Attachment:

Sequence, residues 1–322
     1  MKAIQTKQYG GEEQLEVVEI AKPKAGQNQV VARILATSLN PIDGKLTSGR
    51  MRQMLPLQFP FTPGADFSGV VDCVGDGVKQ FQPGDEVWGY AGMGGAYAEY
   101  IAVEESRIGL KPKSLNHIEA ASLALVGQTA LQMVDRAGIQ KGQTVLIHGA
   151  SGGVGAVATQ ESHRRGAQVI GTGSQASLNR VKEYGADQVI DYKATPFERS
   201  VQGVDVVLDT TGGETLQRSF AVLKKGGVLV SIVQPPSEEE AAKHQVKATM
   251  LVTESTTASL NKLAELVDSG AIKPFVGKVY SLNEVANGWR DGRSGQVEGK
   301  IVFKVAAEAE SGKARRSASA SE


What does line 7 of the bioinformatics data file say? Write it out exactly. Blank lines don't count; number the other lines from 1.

   251  LVTESTTASL NKLAELVDSG AIKPFVGKVY SLNEVANGWR DGRSGQVEGK